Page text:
OBTAINING A NEW LAND SITE
It was revealed that the open field across the street from the Church belonged to a Catholic lady living in the United States. After lengthy inquiries, her address was procured, and a letter dispatched to see if she might consider selling all or part of it. It was sufficiently large for two good-sized lots. after several exchanges, she sent a most welcome letter, stating that she would donate half of the property to the Church, with a proviso, however, that if it ever ceased to be used for church purposes, it would revert to her or to her estate. We graciously thanked her, and assured her that her generous gift would be greatly rewarding.
Although plans to move the Church across the street would have to wait until the Shelburne Church construction was completed, and until some funds could be saved for the project, nevertheless, parishioners were buoyed up by the anticipation of better days ahead.
PLANS TO MOVE THE CHURCH
During the Winter of 1961-1962, the decision was taken to examine the logistics of moving St. John’s Church from the West side, to the East side of John Street. The Town of Lockeport assured us that it had no objections, as long as permissions were obtained from the Nova Scotia Light and Power Company, and The Maritime Telephone and Telegraph Company, both of which had large pole-hanging cables blocking the move.
A favorable letter from the Nova Scotia Light and Power Company merely asked to be informed well in advance of the date, so two of their linesmen could be present to temporarily cut the lines, allowing the Church to pass through. The Maritime Telephone and Telegraph Company ( M.T.T.) bluntly refused, stating that cutting off phone connections for such a number of clients could not be justified.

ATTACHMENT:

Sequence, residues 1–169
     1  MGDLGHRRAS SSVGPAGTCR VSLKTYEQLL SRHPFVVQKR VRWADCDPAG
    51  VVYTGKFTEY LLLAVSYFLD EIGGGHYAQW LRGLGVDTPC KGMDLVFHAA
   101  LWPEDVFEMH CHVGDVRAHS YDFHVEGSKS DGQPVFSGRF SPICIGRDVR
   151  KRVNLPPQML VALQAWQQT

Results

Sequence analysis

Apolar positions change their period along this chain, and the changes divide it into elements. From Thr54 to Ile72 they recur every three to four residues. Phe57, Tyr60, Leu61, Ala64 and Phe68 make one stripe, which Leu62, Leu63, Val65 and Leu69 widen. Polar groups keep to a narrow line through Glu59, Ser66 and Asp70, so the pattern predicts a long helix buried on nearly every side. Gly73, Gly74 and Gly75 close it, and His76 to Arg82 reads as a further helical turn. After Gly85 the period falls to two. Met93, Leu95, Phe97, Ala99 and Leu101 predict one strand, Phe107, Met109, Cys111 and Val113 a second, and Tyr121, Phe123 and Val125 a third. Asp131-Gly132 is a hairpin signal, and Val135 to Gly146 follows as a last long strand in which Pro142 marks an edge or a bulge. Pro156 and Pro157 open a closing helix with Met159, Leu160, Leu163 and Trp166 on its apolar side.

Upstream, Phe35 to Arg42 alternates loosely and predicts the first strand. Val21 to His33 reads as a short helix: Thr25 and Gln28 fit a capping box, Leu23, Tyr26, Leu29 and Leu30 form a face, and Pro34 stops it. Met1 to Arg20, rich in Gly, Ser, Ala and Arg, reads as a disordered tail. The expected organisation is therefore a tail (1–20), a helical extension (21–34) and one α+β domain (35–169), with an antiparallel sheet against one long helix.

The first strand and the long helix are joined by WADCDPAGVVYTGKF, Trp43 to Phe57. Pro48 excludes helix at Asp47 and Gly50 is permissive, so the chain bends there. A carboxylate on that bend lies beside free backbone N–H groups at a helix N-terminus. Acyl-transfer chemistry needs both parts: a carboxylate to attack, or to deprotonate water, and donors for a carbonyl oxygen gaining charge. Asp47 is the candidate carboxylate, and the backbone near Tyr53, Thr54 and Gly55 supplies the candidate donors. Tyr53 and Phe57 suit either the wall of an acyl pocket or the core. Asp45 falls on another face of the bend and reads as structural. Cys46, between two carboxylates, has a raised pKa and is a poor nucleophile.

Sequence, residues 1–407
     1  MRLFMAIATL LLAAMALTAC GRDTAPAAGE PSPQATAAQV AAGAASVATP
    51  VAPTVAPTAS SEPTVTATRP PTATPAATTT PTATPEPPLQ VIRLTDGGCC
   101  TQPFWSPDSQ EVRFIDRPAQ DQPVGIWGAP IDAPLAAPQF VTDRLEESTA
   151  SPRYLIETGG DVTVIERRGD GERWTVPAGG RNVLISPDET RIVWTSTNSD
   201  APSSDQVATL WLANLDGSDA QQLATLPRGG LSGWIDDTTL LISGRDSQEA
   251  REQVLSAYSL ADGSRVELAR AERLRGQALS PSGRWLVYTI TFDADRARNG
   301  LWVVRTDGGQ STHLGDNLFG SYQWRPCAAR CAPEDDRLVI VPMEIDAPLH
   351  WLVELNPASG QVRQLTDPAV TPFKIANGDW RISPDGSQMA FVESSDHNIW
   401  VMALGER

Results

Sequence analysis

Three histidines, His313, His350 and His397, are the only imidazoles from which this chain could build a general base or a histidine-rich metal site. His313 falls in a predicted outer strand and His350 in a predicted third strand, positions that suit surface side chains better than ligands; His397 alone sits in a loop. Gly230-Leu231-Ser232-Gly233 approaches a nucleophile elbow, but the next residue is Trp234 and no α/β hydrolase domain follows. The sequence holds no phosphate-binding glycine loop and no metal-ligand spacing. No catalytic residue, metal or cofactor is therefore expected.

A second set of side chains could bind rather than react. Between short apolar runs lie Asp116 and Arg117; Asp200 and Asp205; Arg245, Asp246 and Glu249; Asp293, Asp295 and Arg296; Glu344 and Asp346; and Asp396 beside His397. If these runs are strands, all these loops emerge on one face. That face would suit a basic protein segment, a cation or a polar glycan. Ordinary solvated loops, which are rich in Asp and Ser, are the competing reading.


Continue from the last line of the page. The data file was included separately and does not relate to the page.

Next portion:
OUTFOXING THE TELEPHONE COMPANY
M.T.T.’s refusal placed in jeopardy our proposed plan to move the Church to this better location. Deschamps Construction of Shelburne had agreed to build a full basement foundation on our new site, place our Church on skids, and, with his huge bulldozer, haul the building to its new location.
Somewhat depressed, Mr. Deschamps and I met at the site, in the hopes that there just might be another option of some kind. Then, standing beside the Church, and , looking up and down the street, our “mental lightbulbs” lit up, as it occurred to us that the phone lines need not be cut after all. Since the Church was situated on a hill, the phone lines would merely have to be disconnected from two poles either side of the Church, lowered to the ground, momentarily burying them in a shallow trench, whilst the Church , on skids, would pass over them.
This idea was proposed to Mr. Roy Cooper, the M.T.T. representative living in Yarmouth, who then contacted his superiors in the Annapolis Valley, who in turn sent their engineers to check out the idea. They agreed to the ingenious idea, and agreed to have two linesmen on hand the day the Church was moved.